In William Congreve’s play Way of the World, Millament is a young charming dame passionately in love with Mirabell and equally loved by him She is the first cousin of Mrs. Fainall, considered to be the most charming heroine in restoration comedy, she is beautiful, tantalizing, annoying and teasing at times. She is highly witty but sweet. There can be no malice in her. Mrs. Marwood is a parody of Millamant. She is sure of her feminine power.
In Act 2 Millamant gives the evidence of sparkling wit. She slights Witwoud for indulging in too many similitudes. She asks Mincing to stand between her and his wit and it gives young Witwoud the attention he is worthy of, nothing more. She is also clever enough to see through Mrs. Marwood and get to know what she is and what she wants.
She condemns the lack of knowing the art of writing letters on part of people. She uses letters written in verse to pin up her hair. In a teasing wit, she tells Mirabell that she likes to give him pain because that gives her a sense
of power. She calls him, ‘sententious Mirabell’ and exhorts him not to look brave like Solomon when he had to divide the child.
Millamant’s wit like that of Rosalind and Beatrice is a sign of intelligence. Fundamentally Millamant is a sensitive girl in an insensitive society. Millamant is genuinely in love and is not a coquette is made very clear after the bargaining scene when she confesses to her friend:
‘well if. Mirabell should not make a good husband, I am a lost thing-for I find I love him violently.”
Millamant’s choice of not using endearing terms in marriage is perhaps the prevailing disillusionment in marriage.
Millamant is the perfect modal of the accomplished fine lady. She is the ideal heroine of the comedy of high life. With all her love of affectations and all her social mannerism, Millamant understands that beneath the surface man is always man and woman still a pure woman. Mirabell loves Millamant for her faults.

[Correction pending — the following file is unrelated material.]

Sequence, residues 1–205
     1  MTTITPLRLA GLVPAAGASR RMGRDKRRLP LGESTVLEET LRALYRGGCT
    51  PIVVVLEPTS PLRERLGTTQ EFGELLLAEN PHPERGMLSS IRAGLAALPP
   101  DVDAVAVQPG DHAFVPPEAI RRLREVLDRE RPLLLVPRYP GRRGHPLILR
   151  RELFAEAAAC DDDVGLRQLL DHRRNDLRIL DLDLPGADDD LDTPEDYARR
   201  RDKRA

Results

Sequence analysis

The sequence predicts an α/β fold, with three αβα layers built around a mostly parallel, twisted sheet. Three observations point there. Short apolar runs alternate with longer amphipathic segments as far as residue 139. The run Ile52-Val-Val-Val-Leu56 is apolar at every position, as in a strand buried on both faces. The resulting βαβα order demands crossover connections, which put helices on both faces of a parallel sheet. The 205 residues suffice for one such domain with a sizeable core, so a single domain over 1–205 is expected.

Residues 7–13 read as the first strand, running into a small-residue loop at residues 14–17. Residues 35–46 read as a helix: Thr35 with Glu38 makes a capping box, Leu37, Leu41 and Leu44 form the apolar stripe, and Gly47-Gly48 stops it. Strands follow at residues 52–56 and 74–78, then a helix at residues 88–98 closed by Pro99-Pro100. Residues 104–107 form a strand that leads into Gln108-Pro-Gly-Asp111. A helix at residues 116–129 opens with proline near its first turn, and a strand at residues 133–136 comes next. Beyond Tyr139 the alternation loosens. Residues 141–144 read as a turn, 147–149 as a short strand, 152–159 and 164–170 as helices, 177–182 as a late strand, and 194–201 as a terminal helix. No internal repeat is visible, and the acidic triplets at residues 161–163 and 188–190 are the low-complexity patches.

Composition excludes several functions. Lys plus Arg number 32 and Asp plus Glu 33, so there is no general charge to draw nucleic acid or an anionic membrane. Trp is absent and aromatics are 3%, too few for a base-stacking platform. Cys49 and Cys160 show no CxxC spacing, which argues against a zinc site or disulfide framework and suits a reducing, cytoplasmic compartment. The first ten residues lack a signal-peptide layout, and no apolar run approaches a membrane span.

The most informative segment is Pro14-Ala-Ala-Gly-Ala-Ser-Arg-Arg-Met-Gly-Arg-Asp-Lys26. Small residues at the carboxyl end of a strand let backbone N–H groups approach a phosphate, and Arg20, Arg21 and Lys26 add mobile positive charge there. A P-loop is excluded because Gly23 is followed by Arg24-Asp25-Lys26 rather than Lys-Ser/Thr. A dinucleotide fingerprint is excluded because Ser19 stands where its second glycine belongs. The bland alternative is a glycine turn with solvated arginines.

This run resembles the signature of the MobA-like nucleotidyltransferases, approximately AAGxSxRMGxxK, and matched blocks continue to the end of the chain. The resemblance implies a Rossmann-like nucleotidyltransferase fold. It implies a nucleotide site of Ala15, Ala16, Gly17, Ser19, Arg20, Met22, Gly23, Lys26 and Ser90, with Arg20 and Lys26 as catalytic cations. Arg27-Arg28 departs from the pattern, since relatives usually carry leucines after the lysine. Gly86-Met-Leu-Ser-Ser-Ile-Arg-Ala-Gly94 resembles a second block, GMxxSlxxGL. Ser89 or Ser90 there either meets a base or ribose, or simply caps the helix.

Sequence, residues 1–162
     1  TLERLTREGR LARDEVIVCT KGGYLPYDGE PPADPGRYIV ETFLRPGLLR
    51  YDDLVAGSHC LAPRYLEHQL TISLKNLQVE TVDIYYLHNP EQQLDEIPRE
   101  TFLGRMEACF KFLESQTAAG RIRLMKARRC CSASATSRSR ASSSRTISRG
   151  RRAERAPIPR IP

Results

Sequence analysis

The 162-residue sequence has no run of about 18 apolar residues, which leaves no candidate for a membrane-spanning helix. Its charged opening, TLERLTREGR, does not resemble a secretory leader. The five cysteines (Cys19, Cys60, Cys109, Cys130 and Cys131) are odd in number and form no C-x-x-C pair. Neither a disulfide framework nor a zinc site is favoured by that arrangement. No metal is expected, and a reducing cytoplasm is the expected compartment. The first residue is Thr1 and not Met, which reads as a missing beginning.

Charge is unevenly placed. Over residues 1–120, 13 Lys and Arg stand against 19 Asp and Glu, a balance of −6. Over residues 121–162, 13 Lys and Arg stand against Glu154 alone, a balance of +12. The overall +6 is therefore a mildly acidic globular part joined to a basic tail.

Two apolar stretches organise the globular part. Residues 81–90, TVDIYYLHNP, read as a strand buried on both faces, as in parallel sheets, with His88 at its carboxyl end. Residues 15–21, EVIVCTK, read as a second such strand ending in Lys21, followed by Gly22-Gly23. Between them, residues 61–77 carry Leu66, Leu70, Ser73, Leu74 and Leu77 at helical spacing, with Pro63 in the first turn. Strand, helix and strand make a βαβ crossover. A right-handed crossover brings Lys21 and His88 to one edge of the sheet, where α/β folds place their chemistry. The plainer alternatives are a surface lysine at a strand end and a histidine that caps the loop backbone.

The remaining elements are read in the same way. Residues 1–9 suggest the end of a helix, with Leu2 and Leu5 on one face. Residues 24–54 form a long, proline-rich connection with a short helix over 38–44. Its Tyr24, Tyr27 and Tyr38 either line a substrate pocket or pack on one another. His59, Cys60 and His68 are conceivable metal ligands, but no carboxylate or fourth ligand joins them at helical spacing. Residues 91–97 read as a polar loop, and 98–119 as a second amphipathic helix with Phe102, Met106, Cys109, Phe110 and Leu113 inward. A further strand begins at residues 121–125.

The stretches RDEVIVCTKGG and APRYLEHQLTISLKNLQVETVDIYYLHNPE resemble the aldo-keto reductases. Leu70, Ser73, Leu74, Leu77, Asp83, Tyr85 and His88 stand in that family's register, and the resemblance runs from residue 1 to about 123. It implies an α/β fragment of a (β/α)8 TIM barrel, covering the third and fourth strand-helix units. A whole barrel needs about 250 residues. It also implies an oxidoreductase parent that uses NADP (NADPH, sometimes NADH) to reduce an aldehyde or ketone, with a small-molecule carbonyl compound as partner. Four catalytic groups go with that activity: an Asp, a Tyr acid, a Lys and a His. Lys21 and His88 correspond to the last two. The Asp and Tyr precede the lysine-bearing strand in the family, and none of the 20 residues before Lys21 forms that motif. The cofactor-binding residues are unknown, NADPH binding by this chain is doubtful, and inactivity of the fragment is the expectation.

Millamant’s character finds its true manifestation in love. Mirabell and she are the worthy partners. Though deeply in love she would not admit her love to him because to do so would be to lose one’s effective power in love. Her wit somehow eclipses her love for Mirabell but it makes the proviso scene so very successful.
Millamant and Mirabell overtop all other characters. The warfare of their wits and hearts is the very essence of the drama. George Meredith has said with justice that the play might be called “The Conquest of a Town Coquette,” and, when the enchanting Millamant and her lover are on the stage, our interest in the others fades to nothingness.
The affair between Millamant and Mirabell reaches the acme in the proviso scene. In this famous scene, the two lovers laid down the conditions for their marriage. Millamant would not like to be addressed by such names as wife, spouse, my dear, my joy, my jewel, my love, my sweetheart, etc. She regards them as vulgar modes of addresses. Millamant would not like to go to Hyde Park with Mirabell on the first Sunday to attract the attention of people and become the subject of their whisper, as the newly wedded couples are never seen together after that. She would also not like to pay social visits to his company or go to the theatre. She would like to maintain distance with him at least in public. The other conditions are that she would like to be free to pay visits to whomsoever she likes and receive visits from whomsoever she pleases, similarly write and receive letters, freedom to wear clothes that please her, and talk on the subjects which agree with her taste. Taking dinner at a time and place is her prerogative, privacy of her closet is not to be violated and Mirabell is not to be permitted without permission at the tea table.
There is plenty of humour and it will be noted that the love between the two is not based on sentimentality but on mutual consent, honour and grace.
Wit is an essential ingredient of Millamant’s character. She proves more than a match to Mirabell and to every other character. Some of her witty remarks have become proverbial
(i) One’s cruelty is one’s power; and when one parts with one’s cruelty, one parts with one’s power, and when one has parted with that, I fancy one’s old and ugly.
(ii) Beauty the lover’s gift! Lord, what is a lover, that it can give ? Why, one makes lovers as fast as one pleases, and they live as long as one pleases, and they die as soon as one pleases; and then, if one pleases, one makes more.
(iii) One no more owes one’s beauty to a lover than one’s wit to an echo.